The most valuable improvement made this year was the Cooper hydraulic, constructed by Edward W. Davies and Alexander Grimes, agents of Mrs. L. C. Cooper. "It is an enterprise," said the Journal, "for the projection and completion of which all who have the prosperity of Dayton at heart will cheerfully accord to the gentlemen above named due credit for their public spirit."

            In 1838 Edwin Smith and Peter P. Lowe, both Democrats, represented Montgomery County in the legislature.

            On the 30th of December, 1838, the carpenter shop of D. A. Wareham, on S-t. Clair Street, with all its contents, and the livery stable of Kiefe & Ainsworth, were burned and other buildings considerably damaged. "All the fire companies were on the ground early with their apparatus," says the Journal, whose account we quote, as it mentions all the engines. "The Enterprise came first, and while supplied with water was very efficient. The Independence and Safety were stationed at the basin and threw water on the fire through their five hundred feet of hose. The Safety, however, was not in order, and could not be made to operate till the fire was checked and the neighboring buildings out of danger.  (page 184) But the Independence being in the best possible trim had water upon the fire almost as soon as her hose was laid, and continued in active operation till the fire was extinguished and the companies exhausted by hard work, it being impossible, with all the efforts of time fire wardens, to entice men enough from comfortable quarters near the fire, where they could see the fun and keep their toes warm, to relieve the worn-out firemen at the brakes of the engines."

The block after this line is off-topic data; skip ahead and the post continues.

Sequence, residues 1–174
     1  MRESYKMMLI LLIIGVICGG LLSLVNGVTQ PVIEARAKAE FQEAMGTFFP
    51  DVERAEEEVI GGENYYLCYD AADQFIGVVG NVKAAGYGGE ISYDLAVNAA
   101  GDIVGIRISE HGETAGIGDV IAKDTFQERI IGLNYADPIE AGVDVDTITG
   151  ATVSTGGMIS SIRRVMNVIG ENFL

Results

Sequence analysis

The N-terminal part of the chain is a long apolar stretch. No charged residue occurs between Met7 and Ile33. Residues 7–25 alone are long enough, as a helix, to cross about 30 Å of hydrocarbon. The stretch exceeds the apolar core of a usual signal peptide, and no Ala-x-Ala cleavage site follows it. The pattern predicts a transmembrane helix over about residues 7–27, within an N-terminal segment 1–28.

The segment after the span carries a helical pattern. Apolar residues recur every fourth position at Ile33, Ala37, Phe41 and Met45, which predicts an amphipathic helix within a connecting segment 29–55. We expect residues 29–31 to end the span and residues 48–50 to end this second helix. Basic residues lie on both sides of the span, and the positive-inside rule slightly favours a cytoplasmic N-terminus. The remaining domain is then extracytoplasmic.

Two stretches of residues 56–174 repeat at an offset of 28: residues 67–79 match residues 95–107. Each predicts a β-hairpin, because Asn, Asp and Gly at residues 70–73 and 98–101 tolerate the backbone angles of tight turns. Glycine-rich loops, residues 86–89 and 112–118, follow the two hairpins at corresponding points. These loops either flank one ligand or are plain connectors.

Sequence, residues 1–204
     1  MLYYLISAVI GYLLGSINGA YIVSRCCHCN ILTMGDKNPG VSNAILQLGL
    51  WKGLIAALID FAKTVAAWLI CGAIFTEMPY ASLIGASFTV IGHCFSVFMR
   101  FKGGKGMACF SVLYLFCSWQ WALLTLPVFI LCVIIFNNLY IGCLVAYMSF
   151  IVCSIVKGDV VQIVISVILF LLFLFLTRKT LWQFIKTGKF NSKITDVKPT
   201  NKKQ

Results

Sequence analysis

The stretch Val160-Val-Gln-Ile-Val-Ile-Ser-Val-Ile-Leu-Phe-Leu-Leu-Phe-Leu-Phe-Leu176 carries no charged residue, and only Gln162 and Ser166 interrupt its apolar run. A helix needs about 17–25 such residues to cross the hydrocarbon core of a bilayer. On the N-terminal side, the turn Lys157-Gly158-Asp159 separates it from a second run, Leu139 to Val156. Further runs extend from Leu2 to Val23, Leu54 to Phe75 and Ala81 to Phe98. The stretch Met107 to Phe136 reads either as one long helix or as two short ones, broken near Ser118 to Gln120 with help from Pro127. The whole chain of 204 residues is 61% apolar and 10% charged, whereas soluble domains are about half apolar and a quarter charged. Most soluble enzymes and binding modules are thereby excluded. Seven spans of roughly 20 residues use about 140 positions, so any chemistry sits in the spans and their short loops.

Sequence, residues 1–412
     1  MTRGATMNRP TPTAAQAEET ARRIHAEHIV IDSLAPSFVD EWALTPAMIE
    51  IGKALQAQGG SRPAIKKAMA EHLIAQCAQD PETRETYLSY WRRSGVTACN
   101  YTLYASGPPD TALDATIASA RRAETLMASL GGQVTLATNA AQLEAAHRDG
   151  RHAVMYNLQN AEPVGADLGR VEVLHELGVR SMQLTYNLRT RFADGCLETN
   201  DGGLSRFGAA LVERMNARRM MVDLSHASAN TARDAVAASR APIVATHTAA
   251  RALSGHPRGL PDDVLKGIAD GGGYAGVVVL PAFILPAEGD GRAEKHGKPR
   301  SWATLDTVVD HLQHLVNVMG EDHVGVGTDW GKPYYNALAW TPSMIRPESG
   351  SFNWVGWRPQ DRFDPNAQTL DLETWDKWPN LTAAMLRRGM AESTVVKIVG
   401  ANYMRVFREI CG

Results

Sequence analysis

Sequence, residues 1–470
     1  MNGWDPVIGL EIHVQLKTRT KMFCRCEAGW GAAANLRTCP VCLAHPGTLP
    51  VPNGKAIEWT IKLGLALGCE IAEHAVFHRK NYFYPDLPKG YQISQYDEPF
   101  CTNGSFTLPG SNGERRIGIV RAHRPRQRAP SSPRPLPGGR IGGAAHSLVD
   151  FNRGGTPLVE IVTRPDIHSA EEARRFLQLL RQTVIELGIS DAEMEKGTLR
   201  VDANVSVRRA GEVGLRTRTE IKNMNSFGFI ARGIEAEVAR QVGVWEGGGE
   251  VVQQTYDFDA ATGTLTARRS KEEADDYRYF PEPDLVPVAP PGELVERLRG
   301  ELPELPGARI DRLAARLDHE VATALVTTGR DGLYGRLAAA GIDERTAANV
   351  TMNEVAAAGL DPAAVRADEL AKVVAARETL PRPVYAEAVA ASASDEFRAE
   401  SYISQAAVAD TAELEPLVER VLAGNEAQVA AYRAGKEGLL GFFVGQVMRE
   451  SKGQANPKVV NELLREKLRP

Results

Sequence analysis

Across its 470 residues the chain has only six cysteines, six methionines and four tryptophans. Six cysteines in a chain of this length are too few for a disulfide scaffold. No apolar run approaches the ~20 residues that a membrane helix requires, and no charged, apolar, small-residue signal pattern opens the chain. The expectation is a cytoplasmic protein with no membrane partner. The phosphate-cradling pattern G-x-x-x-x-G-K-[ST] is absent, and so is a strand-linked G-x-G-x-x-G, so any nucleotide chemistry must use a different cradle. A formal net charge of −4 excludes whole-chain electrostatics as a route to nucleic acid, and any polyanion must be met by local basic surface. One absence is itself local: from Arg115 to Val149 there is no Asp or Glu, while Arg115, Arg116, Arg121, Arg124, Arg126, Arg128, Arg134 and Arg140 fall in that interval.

March 12,1839, Dayton Township was divided by the legislature into two election precincts, the first precinct voting at the court house, and the second at Houk's tavern, on Market Street. The first precinct comprised all the territory north of the Eaton road, Third Street, and the Springfield pike; and the second precinct all south of the boundary line of the first.